The sheer size of Alaska is hard to grasp. Superimposed onto the Lower 48 states, it would stretch from the Atlantic to the Pacific, while its coastline is longer than that of the rest of the mainland US combined. All but three of the nation’s twenty highest peaks are found here and one glacier alone is twice the size of Wales. In addition, not only does it contain America’s northernmost and westernmost points, but because the Aleutian Islands stretch across the 180th meridian, it contains the easternmost point as well. Wildlife may be under threat elsewhere, but here it is abundant, with bears standing 12ft tall, moose stopping traffic in downtown Anchorage, wolves prowling national parks, bald eagles circling over the trees and rivers solid with fifty-pound-plus salmon.
Travelling here demands a spirit of adventure and to make the most of the state you need to enjoy striking out on your own and roughing it a bit. Binoculars are an absolute must, as is bug spray; the mosquito is referred to as “Alaska’s state bird” and only industrial-strength repellent keeps it away. On top of that, there’s the climate – though Alaska is far from the giant icebox people imagine.
The state’s southernmost town, Ketchikan, rich in Native heritage, makes a pretty introduction, while Sitka retains a Russian influence. Further north are swanky Juneau, the capital; Haines, with its mix of old-timers and arty newcomers; Skagway, redolent of gold-rush days; and Glacier Bay National Park, an expensive side-trip from Juneau that penetrates one of Alaska’s most stunning regions.
To the west, Anchorage is the state’s main population centre and transport hub, while south of here are the stunning Kenai Peninsula and Prince William Sound. Interior and northern Alaska is the quintessential “great land” – a rolling plateau divided by the glacier-studded Alaska and Brooks ranges, crisscrossed by rivers and with views of imposing peaks, above all Mount McKinley, the nation’s highest – tiny Talkeetna offers great views. The mountain is at the heart of Denali National Park, while to the east is the untrammelled vastness of Wrangell-St Elias National Park. Fairbanks, Alaska’s diverting second city, serves as the hub of the North, with roads fanning out to hot springs and five hundred miles north to the Arctic Ocean at Prudhoe Bay.Read More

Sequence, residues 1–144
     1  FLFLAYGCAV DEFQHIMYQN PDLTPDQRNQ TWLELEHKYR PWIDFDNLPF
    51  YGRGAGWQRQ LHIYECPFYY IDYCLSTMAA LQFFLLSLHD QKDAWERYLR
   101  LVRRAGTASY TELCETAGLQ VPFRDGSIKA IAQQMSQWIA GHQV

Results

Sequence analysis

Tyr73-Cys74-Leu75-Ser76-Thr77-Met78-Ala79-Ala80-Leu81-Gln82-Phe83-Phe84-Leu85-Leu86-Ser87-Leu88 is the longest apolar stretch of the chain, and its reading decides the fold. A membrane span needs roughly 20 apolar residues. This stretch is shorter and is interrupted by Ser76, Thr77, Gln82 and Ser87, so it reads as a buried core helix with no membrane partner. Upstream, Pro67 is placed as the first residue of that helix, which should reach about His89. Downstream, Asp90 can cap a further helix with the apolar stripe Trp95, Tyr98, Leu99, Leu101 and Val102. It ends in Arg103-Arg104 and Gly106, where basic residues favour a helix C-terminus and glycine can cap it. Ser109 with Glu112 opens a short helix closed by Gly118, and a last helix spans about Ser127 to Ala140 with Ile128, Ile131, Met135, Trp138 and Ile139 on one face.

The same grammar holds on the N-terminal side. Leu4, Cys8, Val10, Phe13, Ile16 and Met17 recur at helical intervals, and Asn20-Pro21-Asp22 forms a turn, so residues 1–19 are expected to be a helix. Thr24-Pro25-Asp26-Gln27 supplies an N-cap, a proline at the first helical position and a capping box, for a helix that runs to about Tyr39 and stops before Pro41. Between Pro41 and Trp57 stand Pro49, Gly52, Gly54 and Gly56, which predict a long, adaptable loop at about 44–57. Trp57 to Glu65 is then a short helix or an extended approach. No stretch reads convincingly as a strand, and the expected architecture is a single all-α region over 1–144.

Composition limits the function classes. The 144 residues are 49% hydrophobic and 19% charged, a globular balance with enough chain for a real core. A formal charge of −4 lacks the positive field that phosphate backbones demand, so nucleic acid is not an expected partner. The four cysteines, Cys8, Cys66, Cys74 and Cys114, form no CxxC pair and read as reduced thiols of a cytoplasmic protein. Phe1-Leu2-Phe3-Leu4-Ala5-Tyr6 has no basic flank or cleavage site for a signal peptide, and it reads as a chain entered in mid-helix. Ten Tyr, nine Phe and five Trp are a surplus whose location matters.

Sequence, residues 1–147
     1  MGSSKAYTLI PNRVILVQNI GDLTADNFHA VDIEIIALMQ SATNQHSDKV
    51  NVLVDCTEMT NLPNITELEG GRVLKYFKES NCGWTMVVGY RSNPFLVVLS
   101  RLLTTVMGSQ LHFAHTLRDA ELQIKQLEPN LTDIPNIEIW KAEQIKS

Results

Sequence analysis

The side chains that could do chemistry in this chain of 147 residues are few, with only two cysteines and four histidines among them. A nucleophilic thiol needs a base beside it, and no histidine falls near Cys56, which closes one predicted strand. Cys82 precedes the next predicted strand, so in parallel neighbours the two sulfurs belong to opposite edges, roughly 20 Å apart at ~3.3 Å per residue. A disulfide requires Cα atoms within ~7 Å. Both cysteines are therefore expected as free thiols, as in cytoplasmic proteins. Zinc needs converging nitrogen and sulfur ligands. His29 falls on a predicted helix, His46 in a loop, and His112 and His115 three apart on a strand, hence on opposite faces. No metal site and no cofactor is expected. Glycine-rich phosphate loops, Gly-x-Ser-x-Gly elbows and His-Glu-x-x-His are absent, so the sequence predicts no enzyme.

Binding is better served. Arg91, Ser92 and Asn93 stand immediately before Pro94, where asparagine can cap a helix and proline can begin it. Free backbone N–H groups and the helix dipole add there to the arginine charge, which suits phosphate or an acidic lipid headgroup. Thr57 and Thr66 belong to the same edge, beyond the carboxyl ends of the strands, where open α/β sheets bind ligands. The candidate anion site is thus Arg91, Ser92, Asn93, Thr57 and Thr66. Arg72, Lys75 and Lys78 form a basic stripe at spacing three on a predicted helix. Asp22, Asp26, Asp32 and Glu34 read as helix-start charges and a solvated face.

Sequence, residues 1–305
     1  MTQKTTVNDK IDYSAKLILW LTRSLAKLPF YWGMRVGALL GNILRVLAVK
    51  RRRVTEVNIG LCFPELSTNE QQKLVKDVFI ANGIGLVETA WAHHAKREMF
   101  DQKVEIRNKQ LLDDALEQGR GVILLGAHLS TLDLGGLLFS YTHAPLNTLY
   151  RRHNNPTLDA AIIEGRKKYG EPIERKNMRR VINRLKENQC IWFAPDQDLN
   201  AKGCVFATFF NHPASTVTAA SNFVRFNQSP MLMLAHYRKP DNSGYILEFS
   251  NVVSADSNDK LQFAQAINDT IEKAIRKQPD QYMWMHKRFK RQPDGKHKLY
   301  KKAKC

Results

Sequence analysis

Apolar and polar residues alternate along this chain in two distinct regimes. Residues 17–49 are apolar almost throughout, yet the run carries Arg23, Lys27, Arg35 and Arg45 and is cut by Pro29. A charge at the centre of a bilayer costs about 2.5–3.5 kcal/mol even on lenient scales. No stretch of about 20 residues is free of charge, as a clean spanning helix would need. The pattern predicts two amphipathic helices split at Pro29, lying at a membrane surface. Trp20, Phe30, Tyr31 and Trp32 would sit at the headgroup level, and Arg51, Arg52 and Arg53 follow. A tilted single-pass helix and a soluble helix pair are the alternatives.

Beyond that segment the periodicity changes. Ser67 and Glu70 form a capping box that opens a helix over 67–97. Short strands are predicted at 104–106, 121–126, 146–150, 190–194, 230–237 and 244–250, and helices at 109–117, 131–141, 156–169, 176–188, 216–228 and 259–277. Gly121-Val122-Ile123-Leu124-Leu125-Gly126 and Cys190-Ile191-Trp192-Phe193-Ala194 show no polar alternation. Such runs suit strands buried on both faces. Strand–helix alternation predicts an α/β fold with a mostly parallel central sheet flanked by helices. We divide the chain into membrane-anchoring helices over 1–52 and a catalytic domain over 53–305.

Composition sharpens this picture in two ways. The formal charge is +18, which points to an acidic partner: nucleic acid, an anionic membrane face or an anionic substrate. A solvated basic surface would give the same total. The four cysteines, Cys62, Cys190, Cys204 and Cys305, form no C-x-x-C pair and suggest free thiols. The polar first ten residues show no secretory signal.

Planning a visit: cost and climate
Planning a visit: cost and climate
Alaska is more expensive than most other states and major cities. There’s little budget accommodation and eating and drinking will set you back at least twenty percent more than in the Lower 48 (perhaps fifty percent in more remote regions). Still, experiencing Alaska on a low budget is possible, though it requires planning and off-peak travel. From June to August room prices are crazy; May and September, when tariffs are relaxed and the weather only slightly chillier, are equally good times to go, and in April or October you’ll have the place to yourself, albeit with a smaller range of places to stay and eat. Ground transport, despite the long distances, is reasonable, with backpacker shuttles between major centres, although it is often easier to combine a car rental with flights. Winter, when hotels drop their prices by as much as half, is becoming an increasingly popular time to visit, particularly for the dazzling aurora borealis.
While winter temperatures of -40˚F are commonplace in Fairbanks, the most touristed areas – the southeast and the Kenai Peninsula – enjoy a maritime climate (45–65˚F in summer) similar to that of the Pacific Northwest, meaning much more rain (in some towns 180-plus inches per year) than snow. Remarkably, the summer temperature in the Interior often reaches 80˚F.